My favorite things Austrian, part I writers

Yes, I am in Vienna, but I will take this country in discrete chunks because the contributions are so significant.  Today is literature, here are a few remarks:

1. Thomas Bernhard.  One of the very best post-war writers, obsessive and funny and extremely neurotic.  The Loser [Der Untegeher] is the one that works best in English, though his unique style is not at its most fevered pitch.  Wittgensteins Neffe [Wittgenstein’s Nephew] is my favorite, one of the smartest and funniest novels I know, close to perfect.  Das Kalkwerk is entrancing, though I suspect unreadable in English.  He remains grossly underrated in the English-speaking world, mostly for linguistic reasons but also he is a rebellion against the idea of a culture of entertainment.  In my personal canon he is one of the more significant writers.

2. Hermann BrochDeath of Virgil is a 20th century classic, again much under-read amongst the American educated classes.  Die Schlafwandler [The Sleepwalkers] is impressive, and perhaps seen as his major work, but it is more uneven in quality and eventually it falls apart.

3. Robert Musil. There are wonderful and historically significant major passages in The Man Without Qualities, but the drama loses its interest, the loose ends are not tied up, and ultimately I will call him overrated, especially compared to Bernhard or Broch.

4. Peter Handke.  In German only, I say, and in any case not my taste.  He is serious about politics in exactly the wrong way, and I hope future generations reject him.

5. Elfriede Jelinek.  Many were surprised when she won the 2014 Nobel Prize in literature, and you are most likely to know her for writing the book behind the movie The Piano Teacher.  Like Wagner, you could say her work is “better than it sounds,” but still it doesn’t sound that good.  I find it irritating and offensive, plus she is a communist.  Nonetheless, irritating fiction is better than boring fiction, see “Günter Wilhelm Grass.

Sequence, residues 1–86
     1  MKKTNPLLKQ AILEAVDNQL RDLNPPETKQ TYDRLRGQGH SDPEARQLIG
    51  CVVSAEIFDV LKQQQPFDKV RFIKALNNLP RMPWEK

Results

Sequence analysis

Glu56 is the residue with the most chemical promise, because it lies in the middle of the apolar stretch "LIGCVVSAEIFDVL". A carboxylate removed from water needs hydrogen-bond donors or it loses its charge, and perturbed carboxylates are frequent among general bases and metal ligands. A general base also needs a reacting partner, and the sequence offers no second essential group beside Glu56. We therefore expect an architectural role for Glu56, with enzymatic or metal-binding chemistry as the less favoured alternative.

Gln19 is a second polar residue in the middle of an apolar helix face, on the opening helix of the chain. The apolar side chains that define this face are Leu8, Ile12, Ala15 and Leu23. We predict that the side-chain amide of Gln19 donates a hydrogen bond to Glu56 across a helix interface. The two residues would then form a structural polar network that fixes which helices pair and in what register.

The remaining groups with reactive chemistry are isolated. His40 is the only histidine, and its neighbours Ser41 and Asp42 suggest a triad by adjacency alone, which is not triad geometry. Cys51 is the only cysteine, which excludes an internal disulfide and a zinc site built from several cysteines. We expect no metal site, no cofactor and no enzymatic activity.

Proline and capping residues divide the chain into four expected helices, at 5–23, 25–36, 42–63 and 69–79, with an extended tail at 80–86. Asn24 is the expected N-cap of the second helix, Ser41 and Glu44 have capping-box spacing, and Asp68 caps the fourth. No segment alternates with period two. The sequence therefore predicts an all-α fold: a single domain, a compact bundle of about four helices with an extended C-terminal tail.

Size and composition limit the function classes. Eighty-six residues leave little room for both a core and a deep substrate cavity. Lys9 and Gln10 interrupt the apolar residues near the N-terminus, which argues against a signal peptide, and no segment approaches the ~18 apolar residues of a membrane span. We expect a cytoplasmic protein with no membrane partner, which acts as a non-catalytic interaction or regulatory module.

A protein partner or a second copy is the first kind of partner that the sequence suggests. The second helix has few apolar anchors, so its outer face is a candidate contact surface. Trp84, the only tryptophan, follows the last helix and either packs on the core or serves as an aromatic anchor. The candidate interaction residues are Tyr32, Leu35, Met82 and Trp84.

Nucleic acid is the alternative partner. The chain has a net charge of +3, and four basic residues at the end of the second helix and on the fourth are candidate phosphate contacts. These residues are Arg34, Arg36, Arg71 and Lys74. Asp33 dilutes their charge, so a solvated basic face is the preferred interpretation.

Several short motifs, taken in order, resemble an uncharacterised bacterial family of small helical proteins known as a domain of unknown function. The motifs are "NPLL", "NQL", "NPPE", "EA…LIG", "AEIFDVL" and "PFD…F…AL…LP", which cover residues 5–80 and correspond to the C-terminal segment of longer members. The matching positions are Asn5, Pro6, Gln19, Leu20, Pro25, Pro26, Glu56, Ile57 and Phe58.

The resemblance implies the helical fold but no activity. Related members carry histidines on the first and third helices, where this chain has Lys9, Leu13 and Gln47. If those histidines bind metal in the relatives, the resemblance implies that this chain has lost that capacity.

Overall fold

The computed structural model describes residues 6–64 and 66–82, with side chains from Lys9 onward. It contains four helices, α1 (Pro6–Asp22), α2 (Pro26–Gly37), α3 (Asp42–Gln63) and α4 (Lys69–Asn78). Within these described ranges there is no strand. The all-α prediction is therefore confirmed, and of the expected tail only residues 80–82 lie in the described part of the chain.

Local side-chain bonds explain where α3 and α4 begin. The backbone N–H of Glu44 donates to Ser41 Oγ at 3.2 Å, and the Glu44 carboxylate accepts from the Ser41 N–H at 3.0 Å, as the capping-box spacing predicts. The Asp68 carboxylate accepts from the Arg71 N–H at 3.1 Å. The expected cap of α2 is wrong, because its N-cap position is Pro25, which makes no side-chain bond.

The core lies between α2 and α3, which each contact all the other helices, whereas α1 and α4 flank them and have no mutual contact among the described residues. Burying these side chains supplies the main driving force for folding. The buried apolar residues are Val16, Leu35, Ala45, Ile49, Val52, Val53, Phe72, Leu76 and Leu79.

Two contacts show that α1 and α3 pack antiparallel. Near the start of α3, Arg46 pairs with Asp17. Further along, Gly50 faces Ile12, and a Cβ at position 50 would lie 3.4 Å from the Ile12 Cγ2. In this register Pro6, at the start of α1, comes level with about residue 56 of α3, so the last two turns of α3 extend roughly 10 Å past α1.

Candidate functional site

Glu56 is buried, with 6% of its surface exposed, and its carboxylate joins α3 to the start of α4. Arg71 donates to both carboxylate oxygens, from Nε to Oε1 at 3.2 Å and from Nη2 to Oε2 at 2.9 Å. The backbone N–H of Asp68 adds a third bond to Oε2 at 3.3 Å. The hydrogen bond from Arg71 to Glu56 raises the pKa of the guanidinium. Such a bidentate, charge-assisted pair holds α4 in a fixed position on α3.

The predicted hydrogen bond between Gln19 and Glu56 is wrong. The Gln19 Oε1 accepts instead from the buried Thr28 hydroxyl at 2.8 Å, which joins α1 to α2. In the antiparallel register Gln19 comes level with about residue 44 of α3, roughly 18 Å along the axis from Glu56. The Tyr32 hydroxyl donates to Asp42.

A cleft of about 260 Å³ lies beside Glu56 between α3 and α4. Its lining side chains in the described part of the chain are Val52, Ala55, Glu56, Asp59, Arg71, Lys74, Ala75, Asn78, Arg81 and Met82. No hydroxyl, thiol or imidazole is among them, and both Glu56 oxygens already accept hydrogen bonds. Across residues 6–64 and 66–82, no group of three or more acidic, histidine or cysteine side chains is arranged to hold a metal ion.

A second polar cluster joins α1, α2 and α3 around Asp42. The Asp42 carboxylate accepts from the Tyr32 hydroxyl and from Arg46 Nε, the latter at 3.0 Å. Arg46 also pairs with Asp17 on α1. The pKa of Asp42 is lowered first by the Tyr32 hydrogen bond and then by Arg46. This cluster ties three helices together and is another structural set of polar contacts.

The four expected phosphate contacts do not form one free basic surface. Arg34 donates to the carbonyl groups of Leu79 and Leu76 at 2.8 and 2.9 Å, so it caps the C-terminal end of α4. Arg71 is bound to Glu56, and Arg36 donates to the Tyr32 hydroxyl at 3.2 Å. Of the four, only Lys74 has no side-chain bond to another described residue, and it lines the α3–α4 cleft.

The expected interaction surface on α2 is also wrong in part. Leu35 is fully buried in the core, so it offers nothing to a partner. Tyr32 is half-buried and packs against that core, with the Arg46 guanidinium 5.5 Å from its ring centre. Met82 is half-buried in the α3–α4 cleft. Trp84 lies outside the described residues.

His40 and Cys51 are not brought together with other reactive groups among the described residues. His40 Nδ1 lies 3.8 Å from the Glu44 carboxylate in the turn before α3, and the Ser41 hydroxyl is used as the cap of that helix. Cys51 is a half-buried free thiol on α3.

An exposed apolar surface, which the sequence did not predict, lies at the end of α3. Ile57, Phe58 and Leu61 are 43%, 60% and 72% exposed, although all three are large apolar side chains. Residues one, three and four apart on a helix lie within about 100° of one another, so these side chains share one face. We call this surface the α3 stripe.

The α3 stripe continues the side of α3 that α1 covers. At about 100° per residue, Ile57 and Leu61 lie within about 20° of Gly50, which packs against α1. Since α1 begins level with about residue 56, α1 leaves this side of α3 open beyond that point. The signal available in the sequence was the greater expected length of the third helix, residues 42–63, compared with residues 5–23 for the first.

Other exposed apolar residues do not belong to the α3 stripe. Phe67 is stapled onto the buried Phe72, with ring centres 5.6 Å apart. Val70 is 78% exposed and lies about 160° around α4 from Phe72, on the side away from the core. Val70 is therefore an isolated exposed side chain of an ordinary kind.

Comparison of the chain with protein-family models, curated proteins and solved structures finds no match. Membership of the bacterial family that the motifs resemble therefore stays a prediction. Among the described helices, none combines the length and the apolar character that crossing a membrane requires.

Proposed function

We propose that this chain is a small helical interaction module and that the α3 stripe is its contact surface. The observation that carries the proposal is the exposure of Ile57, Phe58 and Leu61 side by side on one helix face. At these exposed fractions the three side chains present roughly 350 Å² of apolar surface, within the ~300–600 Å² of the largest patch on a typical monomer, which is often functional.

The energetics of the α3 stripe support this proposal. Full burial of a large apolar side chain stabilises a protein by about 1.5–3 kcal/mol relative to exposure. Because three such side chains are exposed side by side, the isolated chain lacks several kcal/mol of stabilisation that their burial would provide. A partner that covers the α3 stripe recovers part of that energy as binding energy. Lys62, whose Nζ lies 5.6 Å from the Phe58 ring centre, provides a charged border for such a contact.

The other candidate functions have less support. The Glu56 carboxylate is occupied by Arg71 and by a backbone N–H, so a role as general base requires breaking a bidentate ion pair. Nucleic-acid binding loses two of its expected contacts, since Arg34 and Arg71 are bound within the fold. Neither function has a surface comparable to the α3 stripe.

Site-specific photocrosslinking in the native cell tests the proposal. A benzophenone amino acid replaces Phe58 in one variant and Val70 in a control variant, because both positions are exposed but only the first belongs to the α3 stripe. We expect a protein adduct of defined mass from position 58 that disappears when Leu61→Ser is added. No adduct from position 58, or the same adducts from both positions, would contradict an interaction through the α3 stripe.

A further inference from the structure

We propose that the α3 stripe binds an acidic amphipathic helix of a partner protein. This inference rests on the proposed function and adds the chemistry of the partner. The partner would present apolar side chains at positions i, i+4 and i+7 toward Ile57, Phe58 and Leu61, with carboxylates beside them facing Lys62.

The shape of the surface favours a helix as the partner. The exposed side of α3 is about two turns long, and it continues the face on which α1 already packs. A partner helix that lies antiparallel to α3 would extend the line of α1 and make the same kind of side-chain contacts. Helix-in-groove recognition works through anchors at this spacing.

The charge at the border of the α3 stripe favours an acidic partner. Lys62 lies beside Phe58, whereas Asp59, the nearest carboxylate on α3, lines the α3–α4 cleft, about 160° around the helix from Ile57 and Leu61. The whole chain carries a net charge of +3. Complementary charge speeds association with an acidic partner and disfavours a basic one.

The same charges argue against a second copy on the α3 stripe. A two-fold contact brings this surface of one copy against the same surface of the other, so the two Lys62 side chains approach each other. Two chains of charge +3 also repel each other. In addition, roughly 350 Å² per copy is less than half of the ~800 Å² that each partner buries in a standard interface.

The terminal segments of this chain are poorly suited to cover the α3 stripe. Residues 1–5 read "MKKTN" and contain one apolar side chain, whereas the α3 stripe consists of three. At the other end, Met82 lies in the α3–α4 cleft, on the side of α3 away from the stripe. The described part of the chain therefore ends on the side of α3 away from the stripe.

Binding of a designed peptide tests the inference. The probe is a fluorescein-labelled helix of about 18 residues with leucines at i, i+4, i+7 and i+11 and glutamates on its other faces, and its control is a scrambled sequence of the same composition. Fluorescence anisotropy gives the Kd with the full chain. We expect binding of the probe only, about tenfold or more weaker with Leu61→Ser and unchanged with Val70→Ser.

6. Karl Kraus.  I used to think his work would eventually “come together” for me, but the more of it I read, and the more I read about him, I conclude he is a figure of historic interest only, and a good aphorist, but not an enduring literary artist.  He was a keen satirist of the mores and totalitarian tendencies of his time, and that is to be appreciated.  But if you try reading the rambling 500-page The Last Days of Mankind, in either English or German, you will conclude it was a work of its time only.

7. Arthur Schnitzler and Hugo Hofmannstahl.  Both remain underrated, and don’t forget Hofmannstahl’s libretti for Richard Strauss, including Der Rosenkavalier.

8. Christoph Ransmayr.  He is popular in contemporary Austrian literature.  I was not convinced, but will try again, if you love The Last World let me know.

9. Heimito von Doderer — I have not yet read him but am hopeful.